It is your friend Tamara. In the first lines of my letter I want to say thank you for the beautiful herbarium that you sent to me. I am answering to your questions. The weather is so sunny, it is warm outside I study very well at school You are asking why Lusia Golubeva does not answer to your letters. My answer is: ehen she knew that we are corresponding with each other, she stopped to be friend with me. It seems she might be offended. That’s all. Write to me, I will wait for [your letter].
Years passed - the two friends finished school and married. Life brought Abdullayeva to Abdalo, a village near Bolnisi, in eastern Georgia. In 1970 Abdullayeva lost her husband and moved back to her grandfather's house in Tbilisi. Tamara's letters provided her with a much-needed emotional support, the difficulties strengthened their friendship.
Then in 1977 Tamara felt it was time to match names with faces. She wrote to Farida that she would travel to Tbilisi, she wanted to meet her. Finally, 20 years since their first letter, the two women hugged each other.
“It was summer. I went to meet Tamara at the train station. When the train was approaching to the station I became more and more excited. I saw Tamara's face through the window, and recognized her immediately.”
“We hugged. I felt I found a close person to me that I had lost many years ago. I found my friend after 20 years of friendship, whom I saw only in photos. I had many feelings," recalls Abdullayeva.
Tamara came with her husband and her two daughters. She was excited to see the city that she learnt to know through Farida’s letters.
“The Botanical Garden, the beautiful Meidan, Narikala, the magnificent statue of Deda Kartlis, the beauty of Tbilisi itself amazed us,” notes Tamara. “I will never forget how Farida was waiting for an hour in line to buy the famous Lagidze lemonade, which was sold only in one place in Tbilisi. Georgia, unlike Ukraine, was flourishing.”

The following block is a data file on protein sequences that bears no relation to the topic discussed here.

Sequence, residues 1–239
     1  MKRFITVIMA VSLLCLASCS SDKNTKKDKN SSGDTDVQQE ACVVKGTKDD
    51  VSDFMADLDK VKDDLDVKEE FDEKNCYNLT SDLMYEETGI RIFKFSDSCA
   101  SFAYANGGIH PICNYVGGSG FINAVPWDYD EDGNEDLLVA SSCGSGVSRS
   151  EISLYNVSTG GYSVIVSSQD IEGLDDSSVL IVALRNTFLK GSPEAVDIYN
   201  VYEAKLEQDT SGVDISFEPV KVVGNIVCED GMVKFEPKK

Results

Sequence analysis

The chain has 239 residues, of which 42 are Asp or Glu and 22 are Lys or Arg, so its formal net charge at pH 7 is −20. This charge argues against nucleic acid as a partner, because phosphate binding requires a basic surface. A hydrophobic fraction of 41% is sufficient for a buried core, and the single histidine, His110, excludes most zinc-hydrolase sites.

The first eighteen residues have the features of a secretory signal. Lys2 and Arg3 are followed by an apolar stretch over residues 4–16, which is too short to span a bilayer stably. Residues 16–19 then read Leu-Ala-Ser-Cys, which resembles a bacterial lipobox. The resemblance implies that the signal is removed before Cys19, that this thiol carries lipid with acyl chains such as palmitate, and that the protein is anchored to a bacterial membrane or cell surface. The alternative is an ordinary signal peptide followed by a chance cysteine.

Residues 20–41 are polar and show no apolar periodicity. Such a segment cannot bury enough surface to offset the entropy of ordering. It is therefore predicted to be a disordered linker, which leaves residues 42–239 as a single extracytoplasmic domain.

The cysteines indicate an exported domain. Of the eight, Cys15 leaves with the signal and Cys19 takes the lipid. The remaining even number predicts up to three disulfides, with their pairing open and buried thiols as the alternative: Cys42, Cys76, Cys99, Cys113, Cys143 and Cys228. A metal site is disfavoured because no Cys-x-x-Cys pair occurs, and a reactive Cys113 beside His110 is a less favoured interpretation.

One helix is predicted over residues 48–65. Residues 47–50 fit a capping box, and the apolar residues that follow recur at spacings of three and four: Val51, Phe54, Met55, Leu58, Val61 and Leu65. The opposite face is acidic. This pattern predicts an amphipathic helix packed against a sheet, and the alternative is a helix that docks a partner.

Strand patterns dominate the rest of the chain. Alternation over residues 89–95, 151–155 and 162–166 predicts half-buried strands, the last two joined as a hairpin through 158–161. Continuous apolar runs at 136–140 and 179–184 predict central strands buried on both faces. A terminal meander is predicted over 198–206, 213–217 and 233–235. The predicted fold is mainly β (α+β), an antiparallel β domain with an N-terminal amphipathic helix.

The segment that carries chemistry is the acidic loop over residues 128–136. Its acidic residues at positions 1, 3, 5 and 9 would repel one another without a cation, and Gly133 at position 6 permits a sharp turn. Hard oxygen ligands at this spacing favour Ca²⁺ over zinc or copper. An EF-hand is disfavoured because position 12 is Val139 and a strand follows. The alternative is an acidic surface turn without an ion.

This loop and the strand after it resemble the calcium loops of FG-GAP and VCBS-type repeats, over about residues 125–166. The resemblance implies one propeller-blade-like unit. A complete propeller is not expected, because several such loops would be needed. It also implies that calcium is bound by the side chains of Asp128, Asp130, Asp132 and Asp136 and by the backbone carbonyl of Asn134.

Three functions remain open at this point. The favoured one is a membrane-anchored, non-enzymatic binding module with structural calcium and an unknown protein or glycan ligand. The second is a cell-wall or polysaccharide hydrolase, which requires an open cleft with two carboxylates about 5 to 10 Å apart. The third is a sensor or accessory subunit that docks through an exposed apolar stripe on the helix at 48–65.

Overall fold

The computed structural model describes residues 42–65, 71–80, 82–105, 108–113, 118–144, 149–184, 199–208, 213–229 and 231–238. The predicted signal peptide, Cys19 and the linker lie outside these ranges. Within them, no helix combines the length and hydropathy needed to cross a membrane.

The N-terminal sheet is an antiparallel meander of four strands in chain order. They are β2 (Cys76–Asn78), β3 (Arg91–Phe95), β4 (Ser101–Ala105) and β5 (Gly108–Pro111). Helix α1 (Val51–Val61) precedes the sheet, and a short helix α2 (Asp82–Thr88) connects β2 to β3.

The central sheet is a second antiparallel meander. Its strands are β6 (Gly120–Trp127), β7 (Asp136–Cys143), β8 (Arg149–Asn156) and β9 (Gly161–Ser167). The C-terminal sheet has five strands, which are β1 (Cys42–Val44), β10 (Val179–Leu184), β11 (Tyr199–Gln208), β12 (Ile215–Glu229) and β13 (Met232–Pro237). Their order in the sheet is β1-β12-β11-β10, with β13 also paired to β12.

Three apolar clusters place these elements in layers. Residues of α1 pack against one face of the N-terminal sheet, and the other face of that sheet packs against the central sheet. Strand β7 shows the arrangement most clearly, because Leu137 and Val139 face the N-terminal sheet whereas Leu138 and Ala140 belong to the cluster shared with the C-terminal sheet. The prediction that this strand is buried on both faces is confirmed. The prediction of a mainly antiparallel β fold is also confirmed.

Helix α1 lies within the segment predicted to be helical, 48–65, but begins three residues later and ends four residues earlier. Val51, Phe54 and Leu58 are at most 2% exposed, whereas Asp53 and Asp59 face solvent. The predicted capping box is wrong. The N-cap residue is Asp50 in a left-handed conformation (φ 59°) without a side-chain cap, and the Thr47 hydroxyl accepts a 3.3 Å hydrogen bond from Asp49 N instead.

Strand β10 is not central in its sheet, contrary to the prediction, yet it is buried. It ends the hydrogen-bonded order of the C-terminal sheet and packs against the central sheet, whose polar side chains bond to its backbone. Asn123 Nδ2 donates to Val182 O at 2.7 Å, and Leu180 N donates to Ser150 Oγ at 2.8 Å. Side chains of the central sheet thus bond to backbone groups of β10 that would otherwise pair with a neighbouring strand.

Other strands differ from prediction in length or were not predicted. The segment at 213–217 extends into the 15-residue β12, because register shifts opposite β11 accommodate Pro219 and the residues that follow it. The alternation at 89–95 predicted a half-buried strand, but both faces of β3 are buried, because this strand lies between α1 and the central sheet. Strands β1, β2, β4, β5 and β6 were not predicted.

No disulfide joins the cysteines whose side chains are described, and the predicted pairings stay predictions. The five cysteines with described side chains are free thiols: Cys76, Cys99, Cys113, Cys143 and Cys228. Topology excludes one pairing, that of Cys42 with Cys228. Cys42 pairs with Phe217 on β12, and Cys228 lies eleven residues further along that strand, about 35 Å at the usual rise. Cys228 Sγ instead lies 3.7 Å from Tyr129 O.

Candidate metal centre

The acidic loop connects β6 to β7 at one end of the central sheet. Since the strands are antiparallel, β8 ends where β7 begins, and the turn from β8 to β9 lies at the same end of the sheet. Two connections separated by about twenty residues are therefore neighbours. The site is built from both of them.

It was not their only encounter. In 1985 it was Farida to travel to Dneproderjinsk with her two daughters. The Soviet Union was still on its feet and traveling among the republics was cheap and relatively easy.
As the USSR went into meltdown, so did its postal service. Relations like Tamara and Farida’s were among the many casualties - no mail service - no letters.
The silence lasted over a decade. In 2006 Abdullayeva, with the help of her daughters, managed to track down Tamara - through the Internet. The two women in their ‘70s are back in contact thanks to social media, first through Odnoklassniki, a Moscow-based social network which is popular in the former Soviet space, then through Facebook and Skype.
The Soviet Union championed, on paper, what the regime called the “Fraternity of Peoples” as promoted by Carl Marx’s social class theory - thus Farida and Tamara see their long-lasting friendship as a real application of that principle.
“Our daughters are also friends,” says Tamara with pride. “We both have grandchildren, and after us they will also continue their friendship. It will be a great pleasure for us if the "fraternity of peoples' that we have started will be continued after us."
The friendship between the two women survived the mighty Soviet Union - through letters they shared life and death, as well as joys and sorrows. They grew and aged together.